If the present Damascus Spring is accomplishing anything, it is changing the way Syrians see themselves, the way they relate to other Arab countries, and the way they see their own destiny.

The political opposition in Syria has failed to articulate a Syrian national identity and is still caught in the web of Arabism, although there are some nascent parties that have adopted a purely Syrian-democratic platform. (Riad al-Turk's old Communist wing just renamed itself the "Syrian Democratic Popular Party" three days ago to great fanfare. It is happening.

But there is still no real opposition. There are only talking heads and mini groups. They are not organized, nor are they ready to lead a country.

Syria needs time. The West should squeeze but not break.


At 5/22/2005 02:55:00 PM, Anonymous Anonymous said...

Honestly, if you think Bashar has "abandoned" the army, or the intelligence services, then you really know nothing about Syria. Nothing at all.

At 5/22/2005 03:12:00 PM, Blogger ThinkingMan said...

Wow! What a comprehensive sweep on that topic! I first thought we were going to vote on it.
Comments on some points:
- the GDP per capita is the real bummer; on a purchasing parity basis, it's not bad comparatively because Syria is still relatively cheap, but in absolute dollars, it's pathetic as it inched only $260/capita in 28 years (from $980 to $1240).
- Syria's population growth has been a disaster. They went from 7.6 million people in 1976 to about 18 million today. To see the growth rate as slowing down to 2.7% from 3.3% is an optimistic sign indeed, but the dammage is done.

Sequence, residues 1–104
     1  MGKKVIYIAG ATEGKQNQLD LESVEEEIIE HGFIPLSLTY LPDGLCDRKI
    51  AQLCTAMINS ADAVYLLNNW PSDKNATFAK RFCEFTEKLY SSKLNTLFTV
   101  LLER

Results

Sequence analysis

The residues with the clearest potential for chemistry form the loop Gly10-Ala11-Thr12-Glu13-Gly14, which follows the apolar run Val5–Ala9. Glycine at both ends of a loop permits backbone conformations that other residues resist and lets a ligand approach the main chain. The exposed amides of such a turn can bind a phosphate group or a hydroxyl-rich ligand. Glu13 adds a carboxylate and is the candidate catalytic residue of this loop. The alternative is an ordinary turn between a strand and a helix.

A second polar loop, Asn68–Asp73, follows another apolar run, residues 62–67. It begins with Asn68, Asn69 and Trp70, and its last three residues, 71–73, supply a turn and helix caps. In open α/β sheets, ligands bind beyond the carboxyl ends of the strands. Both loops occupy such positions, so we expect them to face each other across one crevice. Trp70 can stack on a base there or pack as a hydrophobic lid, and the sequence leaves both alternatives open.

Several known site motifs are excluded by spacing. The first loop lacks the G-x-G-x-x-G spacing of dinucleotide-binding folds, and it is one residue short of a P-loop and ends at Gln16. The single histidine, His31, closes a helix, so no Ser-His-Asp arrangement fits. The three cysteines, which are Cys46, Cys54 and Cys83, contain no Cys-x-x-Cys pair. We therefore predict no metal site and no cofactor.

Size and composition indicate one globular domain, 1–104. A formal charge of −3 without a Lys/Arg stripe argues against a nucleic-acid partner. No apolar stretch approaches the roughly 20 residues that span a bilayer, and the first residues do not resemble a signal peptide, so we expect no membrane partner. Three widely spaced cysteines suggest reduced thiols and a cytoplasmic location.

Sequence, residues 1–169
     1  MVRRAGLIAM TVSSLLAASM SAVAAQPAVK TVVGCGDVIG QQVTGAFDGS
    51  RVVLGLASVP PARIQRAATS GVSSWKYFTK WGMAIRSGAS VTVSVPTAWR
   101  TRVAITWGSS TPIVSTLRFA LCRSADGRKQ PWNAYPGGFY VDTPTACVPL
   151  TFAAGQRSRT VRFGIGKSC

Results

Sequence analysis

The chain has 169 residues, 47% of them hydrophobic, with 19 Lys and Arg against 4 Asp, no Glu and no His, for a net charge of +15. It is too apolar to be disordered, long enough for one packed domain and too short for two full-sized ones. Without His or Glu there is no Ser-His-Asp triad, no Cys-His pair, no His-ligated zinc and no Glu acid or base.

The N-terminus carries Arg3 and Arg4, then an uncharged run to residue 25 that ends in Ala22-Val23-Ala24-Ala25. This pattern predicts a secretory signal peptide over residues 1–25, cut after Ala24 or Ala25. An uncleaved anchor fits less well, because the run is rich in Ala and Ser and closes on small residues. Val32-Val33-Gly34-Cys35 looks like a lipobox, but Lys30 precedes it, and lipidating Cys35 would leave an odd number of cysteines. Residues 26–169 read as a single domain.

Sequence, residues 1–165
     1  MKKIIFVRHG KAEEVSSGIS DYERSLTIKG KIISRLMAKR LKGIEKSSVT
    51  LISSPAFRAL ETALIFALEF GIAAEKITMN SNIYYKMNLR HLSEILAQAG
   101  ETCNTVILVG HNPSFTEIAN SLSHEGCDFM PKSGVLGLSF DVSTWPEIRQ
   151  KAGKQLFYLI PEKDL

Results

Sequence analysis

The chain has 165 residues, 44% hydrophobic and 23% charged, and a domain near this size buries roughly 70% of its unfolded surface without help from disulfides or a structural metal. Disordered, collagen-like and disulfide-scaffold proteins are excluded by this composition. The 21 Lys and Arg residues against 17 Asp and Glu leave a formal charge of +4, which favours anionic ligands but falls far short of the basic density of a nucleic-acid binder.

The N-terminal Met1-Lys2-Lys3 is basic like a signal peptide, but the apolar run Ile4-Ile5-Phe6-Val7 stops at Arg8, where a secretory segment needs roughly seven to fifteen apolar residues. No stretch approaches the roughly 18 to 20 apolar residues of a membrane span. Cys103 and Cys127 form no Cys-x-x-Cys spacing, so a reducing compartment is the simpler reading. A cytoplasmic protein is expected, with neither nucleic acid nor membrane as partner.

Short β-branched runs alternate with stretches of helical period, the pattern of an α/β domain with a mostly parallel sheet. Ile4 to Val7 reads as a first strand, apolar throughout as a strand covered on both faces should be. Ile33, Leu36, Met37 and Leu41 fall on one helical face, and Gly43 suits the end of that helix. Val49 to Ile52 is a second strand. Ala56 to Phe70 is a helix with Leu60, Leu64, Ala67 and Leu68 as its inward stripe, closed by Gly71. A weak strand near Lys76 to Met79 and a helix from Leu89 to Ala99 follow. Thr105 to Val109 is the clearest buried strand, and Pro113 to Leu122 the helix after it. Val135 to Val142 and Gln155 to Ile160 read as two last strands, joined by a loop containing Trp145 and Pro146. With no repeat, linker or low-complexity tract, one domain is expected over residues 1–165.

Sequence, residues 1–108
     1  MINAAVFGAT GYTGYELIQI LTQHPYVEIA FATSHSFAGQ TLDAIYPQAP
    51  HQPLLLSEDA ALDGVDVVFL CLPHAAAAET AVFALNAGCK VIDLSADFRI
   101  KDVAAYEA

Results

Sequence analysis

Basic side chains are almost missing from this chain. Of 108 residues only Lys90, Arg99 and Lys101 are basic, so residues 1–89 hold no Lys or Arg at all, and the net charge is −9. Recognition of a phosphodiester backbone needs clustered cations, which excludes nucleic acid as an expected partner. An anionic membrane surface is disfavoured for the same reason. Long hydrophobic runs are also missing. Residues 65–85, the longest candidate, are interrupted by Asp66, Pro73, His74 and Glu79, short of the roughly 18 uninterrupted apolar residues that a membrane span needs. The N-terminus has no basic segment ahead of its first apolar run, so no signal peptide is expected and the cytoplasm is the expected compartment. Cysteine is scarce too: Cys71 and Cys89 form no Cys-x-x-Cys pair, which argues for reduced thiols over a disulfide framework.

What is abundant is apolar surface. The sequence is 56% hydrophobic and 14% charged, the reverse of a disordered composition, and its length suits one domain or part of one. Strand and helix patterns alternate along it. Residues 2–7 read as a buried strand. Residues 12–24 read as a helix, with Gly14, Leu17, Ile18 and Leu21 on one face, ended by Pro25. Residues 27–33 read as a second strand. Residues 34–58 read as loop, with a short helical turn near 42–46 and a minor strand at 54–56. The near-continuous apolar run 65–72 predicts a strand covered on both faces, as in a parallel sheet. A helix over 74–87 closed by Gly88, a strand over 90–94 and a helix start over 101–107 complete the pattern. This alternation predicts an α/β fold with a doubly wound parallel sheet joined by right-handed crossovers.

- You mentioned that non-oil revenues will grow; but isn't true that oil represents 71% of exports and that since reserves are due to decrease dramatically within 5 years, a rather steep uptick in non-oil revenues will be required to compensate.
- if i were to vote today on that question, i would give them the half-way point (2.5 years) to see "visible" changes.
- your previous post answers the very good question: change to what? that conference will be watched for possible signs of change, not just talk.
- Question: does Bashar have the ability to be like Ernesto Zedillo in reference to Zedillo's brave stance in breaking the one-party rule in Mexico?
- Indirectly, what happens in Lebanon will be a factor too. Lebanon seems to be going now at 100km/h in terms of change, openness, reforms, etc...and as the Syrian's presence there seems so distant already, the next 5 years will be ones where Syria gets influenced by Lebanon, and not vice-versa.
- In sum, I'm all for squeezing (what a nice choice of words for "change"- i might borrow it for my corporate circles)- But if the outside is squeezing, the inside must do the changing, really. Change is painful and typically starts to happen when those leading it can show that the pain of not changing is greater than that of change. Will Syria's leadership give the message of "Change" realistically, and will they act on it first by taking the early pain on themselves?